GERMANY MARKET REPORT GERMANY
Population 81.5m Under 15 10.9m Aged 15-64 53.8m Urban population 74 percent Major cities Berlin (3.4m), Hamburg (1.8m), Munich (1.3m), Cologne (1m) GDP per capita $35,700 Business climate Europe’s largest economy returned to growth in 2010 after sharp contraction in 2009. There is a large base of affluent consumers and a skilled workforce. Unemployment remains an issue, especially in the former East Germany.
The story of Germany’s amusements industry over the last half- decade is the resurgence of the AWP.
The number of installed AWPs declined between 1995 and
2005 from 245,000 to 183,000. But a new gaming ordinance then came into effect, prohibiting the so-called fun games that paid out tokens and which it was feared could be used for illegal gambling.
About 80,000 of these had to be removed, freeing up space
for more AWPs. This greatly revitalised the AWP market and by the end of 2010 their number was back up to 235,750.
Growth has largely been in amusement arcades, with the number of AWPs in bars and restaurants remaining static, although new locations including airports, railway stations, and roadside service areas form a growing if still small market, to
some extent compensating for the sluggishness of the bar/restaurant sector.
Each arcade can have up to 12 AWPs, provided there is at least
12 square metres of space per machine. In restaurants and bars, three are permitted. These maximum allowances were increased slightly in the gaming ordinance that came into effect in 2006.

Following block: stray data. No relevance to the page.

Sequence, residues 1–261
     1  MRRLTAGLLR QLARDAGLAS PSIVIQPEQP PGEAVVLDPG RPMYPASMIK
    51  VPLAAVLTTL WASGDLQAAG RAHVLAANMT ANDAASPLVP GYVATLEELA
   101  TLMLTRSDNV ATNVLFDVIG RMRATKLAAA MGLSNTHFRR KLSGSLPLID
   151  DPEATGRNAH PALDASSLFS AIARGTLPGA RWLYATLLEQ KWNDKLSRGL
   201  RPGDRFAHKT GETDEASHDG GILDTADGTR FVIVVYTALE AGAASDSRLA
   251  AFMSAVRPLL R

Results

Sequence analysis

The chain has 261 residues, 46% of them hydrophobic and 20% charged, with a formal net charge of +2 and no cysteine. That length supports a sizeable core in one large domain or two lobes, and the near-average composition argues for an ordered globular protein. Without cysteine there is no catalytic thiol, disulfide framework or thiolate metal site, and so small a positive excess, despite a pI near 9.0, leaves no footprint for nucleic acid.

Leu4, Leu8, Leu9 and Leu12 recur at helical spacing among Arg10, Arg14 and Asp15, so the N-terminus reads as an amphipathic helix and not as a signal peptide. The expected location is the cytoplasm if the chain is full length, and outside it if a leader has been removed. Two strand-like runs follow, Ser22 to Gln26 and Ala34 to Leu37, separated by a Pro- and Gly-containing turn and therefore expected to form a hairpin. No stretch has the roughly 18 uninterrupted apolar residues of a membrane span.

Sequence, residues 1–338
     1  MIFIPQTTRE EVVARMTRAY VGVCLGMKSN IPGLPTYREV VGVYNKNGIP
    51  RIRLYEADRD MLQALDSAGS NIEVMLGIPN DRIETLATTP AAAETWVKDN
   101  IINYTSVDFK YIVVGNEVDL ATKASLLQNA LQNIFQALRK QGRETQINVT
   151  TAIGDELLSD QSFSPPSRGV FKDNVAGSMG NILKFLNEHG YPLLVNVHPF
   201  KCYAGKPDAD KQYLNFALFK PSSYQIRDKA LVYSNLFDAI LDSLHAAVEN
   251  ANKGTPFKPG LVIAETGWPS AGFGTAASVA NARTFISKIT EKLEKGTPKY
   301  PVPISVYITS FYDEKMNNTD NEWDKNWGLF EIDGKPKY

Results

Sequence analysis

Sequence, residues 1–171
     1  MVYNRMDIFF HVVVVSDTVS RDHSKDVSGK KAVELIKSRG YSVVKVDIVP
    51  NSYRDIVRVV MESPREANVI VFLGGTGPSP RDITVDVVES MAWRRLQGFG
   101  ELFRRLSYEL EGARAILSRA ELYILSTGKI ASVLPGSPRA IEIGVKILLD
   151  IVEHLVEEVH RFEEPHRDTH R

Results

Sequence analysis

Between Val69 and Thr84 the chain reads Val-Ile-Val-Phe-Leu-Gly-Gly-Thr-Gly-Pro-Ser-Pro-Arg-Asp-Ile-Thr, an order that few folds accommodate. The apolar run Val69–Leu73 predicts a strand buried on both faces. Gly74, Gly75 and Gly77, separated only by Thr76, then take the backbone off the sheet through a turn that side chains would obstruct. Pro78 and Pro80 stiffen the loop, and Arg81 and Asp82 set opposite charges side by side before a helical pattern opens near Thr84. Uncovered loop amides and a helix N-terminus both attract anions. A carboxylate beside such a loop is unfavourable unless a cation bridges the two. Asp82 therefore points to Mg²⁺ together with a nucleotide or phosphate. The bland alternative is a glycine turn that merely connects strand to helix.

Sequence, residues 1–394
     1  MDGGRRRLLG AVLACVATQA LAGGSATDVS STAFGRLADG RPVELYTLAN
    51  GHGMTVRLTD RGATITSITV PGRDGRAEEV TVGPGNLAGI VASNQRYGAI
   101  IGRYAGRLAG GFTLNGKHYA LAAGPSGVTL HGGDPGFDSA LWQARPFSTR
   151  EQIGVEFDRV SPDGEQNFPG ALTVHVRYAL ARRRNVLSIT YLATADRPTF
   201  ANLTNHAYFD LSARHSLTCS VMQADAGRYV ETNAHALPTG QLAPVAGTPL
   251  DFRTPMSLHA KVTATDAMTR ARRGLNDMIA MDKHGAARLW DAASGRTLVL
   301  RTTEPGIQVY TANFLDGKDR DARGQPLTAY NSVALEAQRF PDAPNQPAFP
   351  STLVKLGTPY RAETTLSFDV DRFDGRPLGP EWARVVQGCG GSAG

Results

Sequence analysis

On average, arcades have 11 machines. The trend in arcades is
toward larger premises, often as part of compexes that include bars, cafes, cinemas and the like. This has helped them gain public acceptance, sometimes at the expense of smaller venues.
The number of different AWP games has grown rapidly in
recent years, and this has helped to open up new markets such as female consumers – who constituted 19.9 percent of AWP players in 2010, against 10.3 percent in 2007.
Leasing of both hardware and software are becoming more common.
Market size Amusements manufacturers, distributors and operators
together reached a turnover of ¤5.14bn in 2010, up by 5.8 percent on the previous year. The manufacturers fared particularly well with 7.5 percent year-on-year growth, thanks in part to legal requirements for the conversion of AWPs to conform with a new technical directive. These conversions alone cost operators around ¤20m.
Yet operators still took the lion’s share of revenue, of course.
Manufacturers accounted for ¤570m and distributors for ¤520m, while operators brought in ¤4.05bn from consumers’ pockets. The vast bulk of that – ¤3.94bn – was derived from AWPs, with ¤60m coming from amusements without prizes and sport-games machines, as well as a further ¤50m from Internet terminals.
8 SEPTEMBER 2011
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